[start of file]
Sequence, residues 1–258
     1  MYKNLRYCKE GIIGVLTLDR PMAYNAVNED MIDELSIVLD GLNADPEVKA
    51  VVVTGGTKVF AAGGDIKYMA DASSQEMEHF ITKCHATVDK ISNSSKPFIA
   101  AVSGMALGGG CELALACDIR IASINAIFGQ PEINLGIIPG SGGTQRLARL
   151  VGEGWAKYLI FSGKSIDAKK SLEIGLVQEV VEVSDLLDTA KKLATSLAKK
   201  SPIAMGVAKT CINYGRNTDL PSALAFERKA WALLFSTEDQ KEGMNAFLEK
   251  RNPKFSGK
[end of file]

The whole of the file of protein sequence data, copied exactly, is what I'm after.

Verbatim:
Sequence, residues 1–258
     1  MYKNLRYCKE GIIGVLTLDR PMAYNAVNED MIDELSIVLD GLNADPEVKA
    51  VVVTGGTKVF AAGGDIKYMA DASSQEMEHF ITKCHATVDK ISNSSKPFIA
   101  AVSGMALGGG CELALACDIR IASINAIFGQ PEINLGIIPG SGGTQRLARL
   151  VGEGWAKYLI FSGKSIDAKK SLEIGLVQEV VEVSDLLDTA KKLATSLAKK
   201  SPIAMGVAKT CINYGRNTDL PSALAFERKA WALLFSTEDQ KEGMNAFLEK
   251  RNPKFSGK